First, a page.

Aims: To determine the level of anthrax spore contamination in endemic regions of northern Canada between outbreaks.
Methods and Results: Bacterial endospores were extracted from specimens via flotation and cultured on selective PLET medium. Of 588 environmental specimens collected, 11 (1·9%) contained viable anthrax spores.
Conclusions: High environmental concentrations of anthrax spores in northern Canada appear limited to scavenger faeces and anthrax carcass sites. Burial and cremation appear equally effective at removing anthrax spores from the immediate environment, though cremation may be improved by re-burning cremation sites containing unburned animal hair.
Significance and Impact of the Study: This study describes an effective anthrax spore detection system. It provides the first bacteriological evidence that mammalian scavengers can disseminate anthrax spores in northern Canada, and its results may be compared with future environmental studies of untreated anthrax carcass sites to help improve government response plans.
Bacillus anthracis is the causative agent of anthrax, an infectious, often fatal disease of wild and domestic animals, and man. Bacillus anthracis is global in its distribution, with endemic regions on all continents except Antarctica. Central to the maintenance of the disease in an area is the ability of the bacterium to form metabolically-dormant endospores which are highly resistant to a number of environmental forces. Anthrax spores may remain viable and infectious in the environment for years before coming into contact with a susceptible host and initiating a new cycle of disease.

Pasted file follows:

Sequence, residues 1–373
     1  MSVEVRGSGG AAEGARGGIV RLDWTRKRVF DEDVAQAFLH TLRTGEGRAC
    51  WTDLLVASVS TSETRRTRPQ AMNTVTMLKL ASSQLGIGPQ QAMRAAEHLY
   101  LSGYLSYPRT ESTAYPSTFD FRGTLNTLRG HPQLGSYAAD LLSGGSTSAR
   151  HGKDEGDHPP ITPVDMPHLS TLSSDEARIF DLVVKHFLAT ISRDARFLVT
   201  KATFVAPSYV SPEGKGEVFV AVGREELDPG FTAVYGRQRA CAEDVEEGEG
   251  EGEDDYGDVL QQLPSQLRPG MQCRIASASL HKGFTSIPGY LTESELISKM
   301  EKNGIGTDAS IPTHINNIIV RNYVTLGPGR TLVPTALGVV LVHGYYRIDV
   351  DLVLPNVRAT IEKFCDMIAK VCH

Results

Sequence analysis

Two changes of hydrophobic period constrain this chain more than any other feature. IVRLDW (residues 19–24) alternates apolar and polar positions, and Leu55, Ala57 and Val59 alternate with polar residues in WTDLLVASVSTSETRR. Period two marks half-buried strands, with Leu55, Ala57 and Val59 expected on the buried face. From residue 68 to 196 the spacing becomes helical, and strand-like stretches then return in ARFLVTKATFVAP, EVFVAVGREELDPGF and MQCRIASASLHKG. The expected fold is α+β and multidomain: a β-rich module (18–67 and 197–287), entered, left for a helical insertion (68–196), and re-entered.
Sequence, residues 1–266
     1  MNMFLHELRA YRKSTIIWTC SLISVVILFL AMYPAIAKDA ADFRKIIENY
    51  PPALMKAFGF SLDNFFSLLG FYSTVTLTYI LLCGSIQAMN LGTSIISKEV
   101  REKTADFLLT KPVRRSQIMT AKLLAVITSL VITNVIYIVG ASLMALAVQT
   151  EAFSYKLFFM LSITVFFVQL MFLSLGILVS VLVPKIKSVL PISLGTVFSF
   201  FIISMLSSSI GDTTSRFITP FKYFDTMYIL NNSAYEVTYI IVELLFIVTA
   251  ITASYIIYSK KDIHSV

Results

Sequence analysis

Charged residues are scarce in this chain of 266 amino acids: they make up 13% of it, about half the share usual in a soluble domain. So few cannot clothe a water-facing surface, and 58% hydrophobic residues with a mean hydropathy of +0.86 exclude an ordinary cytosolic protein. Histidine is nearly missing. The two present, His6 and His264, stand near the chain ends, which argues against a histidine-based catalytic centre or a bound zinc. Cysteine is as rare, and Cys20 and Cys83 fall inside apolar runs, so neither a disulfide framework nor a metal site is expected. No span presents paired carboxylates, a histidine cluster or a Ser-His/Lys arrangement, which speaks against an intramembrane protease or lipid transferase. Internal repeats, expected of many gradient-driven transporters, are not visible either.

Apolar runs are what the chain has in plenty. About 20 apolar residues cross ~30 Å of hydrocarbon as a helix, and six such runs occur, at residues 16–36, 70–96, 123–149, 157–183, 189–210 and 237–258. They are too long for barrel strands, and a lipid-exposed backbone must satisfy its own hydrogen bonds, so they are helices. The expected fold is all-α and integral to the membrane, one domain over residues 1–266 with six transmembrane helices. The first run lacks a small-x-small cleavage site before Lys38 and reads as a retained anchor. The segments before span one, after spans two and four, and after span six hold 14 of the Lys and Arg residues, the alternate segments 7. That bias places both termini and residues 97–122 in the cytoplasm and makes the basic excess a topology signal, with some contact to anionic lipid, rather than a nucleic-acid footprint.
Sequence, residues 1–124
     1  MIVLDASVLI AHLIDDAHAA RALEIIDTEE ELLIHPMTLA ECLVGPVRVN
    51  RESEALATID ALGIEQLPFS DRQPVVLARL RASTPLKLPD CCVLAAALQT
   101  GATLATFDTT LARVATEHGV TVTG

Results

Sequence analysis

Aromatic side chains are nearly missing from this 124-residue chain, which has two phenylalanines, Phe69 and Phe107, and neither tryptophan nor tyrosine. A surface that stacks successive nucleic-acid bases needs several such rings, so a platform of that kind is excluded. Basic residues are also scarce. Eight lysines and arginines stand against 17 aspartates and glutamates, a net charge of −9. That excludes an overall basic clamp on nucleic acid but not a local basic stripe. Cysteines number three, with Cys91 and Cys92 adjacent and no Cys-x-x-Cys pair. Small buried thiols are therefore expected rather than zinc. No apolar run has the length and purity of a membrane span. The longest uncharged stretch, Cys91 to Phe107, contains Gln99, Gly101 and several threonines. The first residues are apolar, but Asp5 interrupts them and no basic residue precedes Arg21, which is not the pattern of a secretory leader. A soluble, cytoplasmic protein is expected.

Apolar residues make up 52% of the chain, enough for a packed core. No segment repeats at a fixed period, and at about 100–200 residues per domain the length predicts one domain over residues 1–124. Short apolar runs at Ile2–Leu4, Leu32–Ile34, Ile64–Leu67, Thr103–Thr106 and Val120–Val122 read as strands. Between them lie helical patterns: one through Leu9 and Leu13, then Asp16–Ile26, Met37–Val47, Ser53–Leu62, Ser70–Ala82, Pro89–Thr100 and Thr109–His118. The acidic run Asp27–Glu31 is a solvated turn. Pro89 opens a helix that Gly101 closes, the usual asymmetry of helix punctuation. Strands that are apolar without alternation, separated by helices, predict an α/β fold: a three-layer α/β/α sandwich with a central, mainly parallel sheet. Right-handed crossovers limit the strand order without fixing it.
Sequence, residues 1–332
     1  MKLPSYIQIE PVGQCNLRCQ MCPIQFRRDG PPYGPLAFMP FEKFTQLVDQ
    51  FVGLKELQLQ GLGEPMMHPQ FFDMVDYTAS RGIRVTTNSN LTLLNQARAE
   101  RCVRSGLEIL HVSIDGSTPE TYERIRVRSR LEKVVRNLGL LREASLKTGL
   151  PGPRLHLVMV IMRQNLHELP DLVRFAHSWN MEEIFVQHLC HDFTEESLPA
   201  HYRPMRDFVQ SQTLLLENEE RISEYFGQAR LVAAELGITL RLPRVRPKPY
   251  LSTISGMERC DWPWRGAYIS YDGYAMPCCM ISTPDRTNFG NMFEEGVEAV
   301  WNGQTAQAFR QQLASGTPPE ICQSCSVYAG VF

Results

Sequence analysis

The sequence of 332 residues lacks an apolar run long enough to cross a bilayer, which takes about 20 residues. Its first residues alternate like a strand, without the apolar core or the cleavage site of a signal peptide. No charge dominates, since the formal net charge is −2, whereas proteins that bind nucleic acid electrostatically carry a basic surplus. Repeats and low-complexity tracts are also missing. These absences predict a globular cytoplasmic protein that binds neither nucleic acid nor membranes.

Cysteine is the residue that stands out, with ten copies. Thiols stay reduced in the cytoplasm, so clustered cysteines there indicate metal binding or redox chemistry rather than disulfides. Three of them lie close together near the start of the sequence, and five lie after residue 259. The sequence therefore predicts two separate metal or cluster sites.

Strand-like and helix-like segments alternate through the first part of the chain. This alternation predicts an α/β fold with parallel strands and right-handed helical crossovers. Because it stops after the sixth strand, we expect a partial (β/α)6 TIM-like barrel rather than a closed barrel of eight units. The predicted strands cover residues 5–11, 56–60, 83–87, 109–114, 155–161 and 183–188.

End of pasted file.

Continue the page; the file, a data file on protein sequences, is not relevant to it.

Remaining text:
In Canada, a large epizootic of the disease occurred in the free-roaming bison (Bison bison) herds of the Hook Lake region of the North-west Territories (NT) during the summer of 1962 (Fig. 1). Over the next two summers, anthrax outbreaks continued in the Hook Lake region and spread, first across the Slave River into the Grand Detour and Park Central regions, and later, across the Peace River to the Lake One region. Between 1962 and 1991, eight epizootics of anthrax were recorded in these four regions of the NT and northern Alberta, resulting in the deaths of over 1200 bison and several moose (Alces alces) (Broughton 1992; Dragon and Elkin 2001). In 1993, a large epizootic occurred in the Mackenzie Bison Sanctuary (MBS) where 169 bison and three moose carcasses were found concentrated in five main areas: Slave Point, Boulogne Lake, Falaise Lake, Calais Lake and Mink Lake (Gates et al. 1995). Between July and August of 2000, a tenth outbreak occurred in the northern bison herds. The carcasses of 106 bison and three moose were found within the confines of Wood Buffalo National Park (WBNP) in the Lake One region, and along the shores of the Peace River in the south-western portion of the Park.